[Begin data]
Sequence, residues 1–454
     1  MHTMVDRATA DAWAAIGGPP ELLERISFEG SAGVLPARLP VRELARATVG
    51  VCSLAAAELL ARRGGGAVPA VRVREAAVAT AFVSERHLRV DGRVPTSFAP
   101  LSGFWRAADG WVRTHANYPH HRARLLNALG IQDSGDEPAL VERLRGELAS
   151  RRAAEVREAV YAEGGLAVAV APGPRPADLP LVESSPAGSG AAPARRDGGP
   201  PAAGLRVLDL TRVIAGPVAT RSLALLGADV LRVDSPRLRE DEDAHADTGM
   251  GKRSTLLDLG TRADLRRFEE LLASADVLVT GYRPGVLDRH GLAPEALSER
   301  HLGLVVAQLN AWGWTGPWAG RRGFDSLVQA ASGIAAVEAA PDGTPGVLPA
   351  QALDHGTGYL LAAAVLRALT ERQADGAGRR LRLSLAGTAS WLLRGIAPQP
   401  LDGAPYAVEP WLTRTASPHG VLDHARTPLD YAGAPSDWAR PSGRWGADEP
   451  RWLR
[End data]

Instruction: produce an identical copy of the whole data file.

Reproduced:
Sequence, residues 1–454
     1  MHTMVDRATA DAWAAIGGPP ELLERISFEG SAGVLPARLP VRELARATVG
    51  VCSLAAAELL ARRGGGAVPA VRVREAAVAT AFVSERHLRV DGRVPTSFAP
   101  LSGFWRAADG WVRTHANYPH HRARLLNALG IQDSGDEPAL VERLRGELAS
   151  RRAAEVREAV YAEGGLAVAV APGPRPADLP LVESSPAGSG AAPARRDGGP
   201  PAAGLRVLDL TRVIAGPVAT RSLALLGADV LRVDSPRLRE DEDAHADTGM
   251  GKRSTLLDLG TRADLRRFEE LLASADVLVT GYRPGVLDRH GLAPEALSER
   301  HLGLVVAQLN AWGWTGPWAG RRGFDSLVQA ASGIAAVEAA PDGTPGVLPA
   351  QALDHGTGYL LAAAVLRALT ERQADGAGRR LRLSLAGTAS WLLRGIAPQP
   401  LDGAPYAVEP WLTRTASPHG VLDHARTPLD YAGAPSDWAR PSGRWGADEP
   451  RWLR